KIP-481 adds to the JSON converter decimal.format for serializing Connect’s DECIMAL logical type values as number literals rather than base64 string literals. This new option defaults to base64 to maintain the previous behavior, but it can be changed to number to serialize decimal values as normal JSON numbers. The JSON converter automatically deserializes using either format, so make sure to upgrade consumer applications and sink connectors before changing source connector converters to use the number format.

See KIP-481 for more details.

What’s New in Kafka Streams

KIP-213: Support non-key joining in KTable

Previously, the Streams domain-specific language (DSL) only allowed table-table joins based on the primary key of the joining KTables. Now, for a KTable (left input) to join with another KTable (right input) based on a specified foreign key as part of its value fields, the join result is a new KTable keyed on the left KTable’s original key. This supports updates from both sides of the join.

See KIP-213 for more details.

KIP-307: Allow to define custom processor names with KStreams DSL

Prior to this release, while building a new topology through the Kafka Streams DSL, the processors were automatically named. A complex topology with dozens of operations can be hard to understand if the processor names are not relevant. This KIP allows users to set more meaningful processor names.

See KIP-307 for more details.

KIP-470: TopologyTestDriver test input and output usability improvements

The TopologyTestDriver allows you to test Kafka Streams logic. This is a lot faster than utilizing actual producers and consumers and makes it possible to simulate different timing scenarios. Kafka 2.4.0 introduces TestInputTopic and TestOutputTopic classes to simplify the test interface.

See KIP-470 and this blog post for more details.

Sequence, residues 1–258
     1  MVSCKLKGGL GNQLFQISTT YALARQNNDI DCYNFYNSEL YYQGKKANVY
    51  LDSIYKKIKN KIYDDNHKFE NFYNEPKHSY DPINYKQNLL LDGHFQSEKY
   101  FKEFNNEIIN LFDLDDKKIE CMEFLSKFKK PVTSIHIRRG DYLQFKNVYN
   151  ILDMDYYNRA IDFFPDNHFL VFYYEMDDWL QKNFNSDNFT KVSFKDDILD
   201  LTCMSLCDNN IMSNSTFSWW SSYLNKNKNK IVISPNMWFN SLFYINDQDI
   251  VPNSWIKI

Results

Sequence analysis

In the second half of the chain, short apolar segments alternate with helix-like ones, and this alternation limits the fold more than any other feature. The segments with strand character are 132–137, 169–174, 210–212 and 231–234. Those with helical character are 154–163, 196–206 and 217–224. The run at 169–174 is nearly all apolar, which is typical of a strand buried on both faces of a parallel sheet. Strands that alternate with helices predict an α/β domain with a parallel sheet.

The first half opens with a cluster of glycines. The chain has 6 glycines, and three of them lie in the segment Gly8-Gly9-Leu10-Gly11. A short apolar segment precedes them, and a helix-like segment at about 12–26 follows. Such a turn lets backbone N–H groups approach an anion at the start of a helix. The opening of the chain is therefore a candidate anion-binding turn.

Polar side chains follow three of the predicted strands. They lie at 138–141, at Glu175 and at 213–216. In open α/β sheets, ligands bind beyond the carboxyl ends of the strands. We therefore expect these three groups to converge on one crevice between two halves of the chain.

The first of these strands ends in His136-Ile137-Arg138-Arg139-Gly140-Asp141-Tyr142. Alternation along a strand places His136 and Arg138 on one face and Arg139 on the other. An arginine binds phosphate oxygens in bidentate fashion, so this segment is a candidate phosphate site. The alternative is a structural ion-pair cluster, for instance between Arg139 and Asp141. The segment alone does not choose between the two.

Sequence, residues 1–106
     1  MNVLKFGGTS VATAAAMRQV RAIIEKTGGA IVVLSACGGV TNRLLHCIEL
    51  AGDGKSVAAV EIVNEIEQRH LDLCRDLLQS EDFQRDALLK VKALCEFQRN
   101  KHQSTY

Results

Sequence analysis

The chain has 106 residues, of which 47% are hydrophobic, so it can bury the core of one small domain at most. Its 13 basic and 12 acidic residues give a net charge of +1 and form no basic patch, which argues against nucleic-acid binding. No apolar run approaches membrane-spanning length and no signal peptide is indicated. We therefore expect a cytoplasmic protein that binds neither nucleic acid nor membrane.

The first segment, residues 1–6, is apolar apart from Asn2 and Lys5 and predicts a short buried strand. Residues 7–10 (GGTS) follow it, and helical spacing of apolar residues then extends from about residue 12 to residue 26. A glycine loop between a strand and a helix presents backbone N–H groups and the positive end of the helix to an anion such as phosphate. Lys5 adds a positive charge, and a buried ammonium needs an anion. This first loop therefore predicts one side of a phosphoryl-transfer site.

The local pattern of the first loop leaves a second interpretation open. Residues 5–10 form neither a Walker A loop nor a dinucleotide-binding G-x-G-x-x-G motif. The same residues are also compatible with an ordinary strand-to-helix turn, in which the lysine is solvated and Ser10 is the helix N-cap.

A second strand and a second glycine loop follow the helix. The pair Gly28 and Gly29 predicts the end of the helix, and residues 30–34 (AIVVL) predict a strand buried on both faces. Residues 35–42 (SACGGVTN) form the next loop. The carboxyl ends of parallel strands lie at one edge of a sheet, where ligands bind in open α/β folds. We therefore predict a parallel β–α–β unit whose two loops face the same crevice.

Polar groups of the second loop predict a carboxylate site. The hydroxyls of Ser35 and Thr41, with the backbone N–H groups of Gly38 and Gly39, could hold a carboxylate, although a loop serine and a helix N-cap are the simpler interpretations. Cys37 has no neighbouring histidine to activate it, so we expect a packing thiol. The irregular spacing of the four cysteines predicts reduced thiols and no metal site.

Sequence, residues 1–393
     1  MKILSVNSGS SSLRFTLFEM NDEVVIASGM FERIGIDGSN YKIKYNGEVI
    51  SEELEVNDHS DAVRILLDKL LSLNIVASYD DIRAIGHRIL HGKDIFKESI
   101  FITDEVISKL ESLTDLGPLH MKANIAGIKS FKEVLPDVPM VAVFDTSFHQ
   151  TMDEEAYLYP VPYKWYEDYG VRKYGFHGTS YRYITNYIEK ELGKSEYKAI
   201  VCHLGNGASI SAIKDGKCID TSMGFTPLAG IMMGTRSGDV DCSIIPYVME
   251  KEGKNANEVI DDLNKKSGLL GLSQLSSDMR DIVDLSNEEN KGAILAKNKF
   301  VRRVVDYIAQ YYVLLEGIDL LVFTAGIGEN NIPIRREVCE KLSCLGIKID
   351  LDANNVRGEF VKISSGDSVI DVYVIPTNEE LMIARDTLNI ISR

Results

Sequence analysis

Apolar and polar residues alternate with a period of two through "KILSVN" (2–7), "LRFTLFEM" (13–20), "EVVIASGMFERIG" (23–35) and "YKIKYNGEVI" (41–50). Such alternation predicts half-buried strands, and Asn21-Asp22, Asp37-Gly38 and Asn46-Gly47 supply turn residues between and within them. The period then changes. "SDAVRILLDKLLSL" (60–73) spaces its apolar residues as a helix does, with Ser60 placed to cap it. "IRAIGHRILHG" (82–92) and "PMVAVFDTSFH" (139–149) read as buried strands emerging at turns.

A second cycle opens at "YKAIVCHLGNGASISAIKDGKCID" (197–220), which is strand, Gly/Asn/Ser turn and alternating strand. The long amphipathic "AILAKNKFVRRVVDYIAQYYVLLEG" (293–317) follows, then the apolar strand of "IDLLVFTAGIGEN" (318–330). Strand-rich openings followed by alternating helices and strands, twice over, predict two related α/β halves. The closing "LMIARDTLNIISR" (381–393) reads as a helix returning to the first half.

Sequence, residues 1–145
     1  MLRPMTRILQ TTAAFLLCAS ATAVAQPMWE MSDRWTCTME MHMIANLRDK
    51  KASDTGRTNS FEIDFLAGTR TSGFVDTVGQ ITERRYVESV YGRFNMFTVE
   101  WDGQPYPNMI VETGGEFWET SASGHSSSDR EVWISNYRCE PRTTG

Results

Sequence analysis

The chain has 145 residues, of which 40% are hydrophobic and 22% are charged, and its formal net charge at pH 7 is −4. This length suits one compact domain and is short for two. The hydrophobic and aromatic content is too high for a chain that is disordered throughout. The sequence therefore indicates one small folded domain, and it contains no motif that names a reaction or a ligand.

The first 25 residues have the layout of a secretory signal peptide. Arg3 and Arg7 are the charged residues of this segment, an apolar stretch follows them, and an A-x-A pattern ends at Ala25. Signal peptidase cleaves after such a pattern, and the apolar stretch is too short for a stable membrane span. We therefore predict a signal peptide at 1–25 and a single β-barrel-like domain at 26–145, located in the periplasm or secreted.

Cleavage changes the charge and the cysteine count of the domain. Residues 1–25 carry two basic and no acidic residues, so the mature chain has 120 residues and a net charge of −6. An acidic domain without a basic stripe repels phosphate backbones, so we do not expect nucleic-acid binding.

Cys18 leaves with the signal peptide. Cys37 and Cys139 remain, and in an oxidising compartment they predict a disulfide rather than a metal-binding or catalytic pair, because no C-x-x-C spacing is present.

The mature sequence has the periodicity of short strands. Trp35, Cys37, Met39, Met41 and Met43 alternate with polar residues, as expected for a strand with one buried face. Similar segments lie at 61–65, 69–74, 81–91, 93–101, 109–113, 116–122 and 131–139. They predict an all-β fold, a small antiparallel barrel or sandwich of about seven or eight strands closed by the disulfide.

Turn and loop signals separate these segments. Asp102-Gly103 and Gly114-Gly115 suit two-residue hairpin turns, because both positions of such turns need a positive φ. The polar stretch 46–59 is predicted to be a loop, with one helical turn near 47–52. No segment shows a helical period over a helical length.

Metrics, monitoring, and operational improvements

  • KIP-412 adds support to dynamically alter a broker’s log levels using the Admin API.
  • KIP-495 allows users to dynamically alter log levels in the Connect framework.
  • KIP-521 changes Connect to also send log messages to a file and rolls that file every day.
  • KIP-460 modifies the PreferredLeaderElection RPC to support unclean leader election in addition to preferred leader election.
  • KIP-464 allows you to leverage num.partitions and default.replication.factor from the AdminClient#createTopics API.
  • KIP-492 supports the security provider config, which can be used to configure custom security algorithms.
  • KIP-496 adds an API to delete consumer offsets and expose it via the AdminClient.
  • KIP-503 adds metrics to monitor the number of topics/replicas marked for deletion.
  • KIP-475 adds metrics to measure the number of tasks on a connector.
  • KIP-471 exposes a subset of RocksDB’s statistics in Kafka Streams metrics, which enables users to find bottlenecks and tune RocksDB accordingly.
  • KIP-484 adds new metrics for the group and transaction metadata loading duration.
  • KIP-444 adds a few new metrics at the Streams instance level such as static version/commit-id as well as dynamic state.

ZooKeeper upgrade to 3.5.x

ZooKeeper has been upgraded to 3.5.x. support for TLS encryption added in ZooKeeper 3.5.x. This enables us to configure TLS encryption between Kafka brokers and ZooKeeper.

Scala 2.13 support

Apache Kafka 2.4.0 now supports Scala 2.13 while also remaining compatible with Scala 2.12 and 2.11.


We want to take this opportunity to thank everyone who has contributed to this release!

To learn more about what’s new in Apache Kafka 2.4, be sure to check out the release notes and highlights video below.

This post was originally published by Manikumar Reddy on The Apache Software Foundation blog.

  • Manikumar Reddy is a committer for the Apache Kafka project and a software engineer on the Core Kafka team at Confluent. Prior to Confluent, he was a software engineer at Hortonworks, where he was part of the Streams engineering team. When he is not working, Manikumar likes gardening, reading books on investing and behavioral finance, and spending his time with his family.

Get started with Confluent, for free

Watch demo: Kafka streaming in 10 minutes

Did you like this blog post? Share it now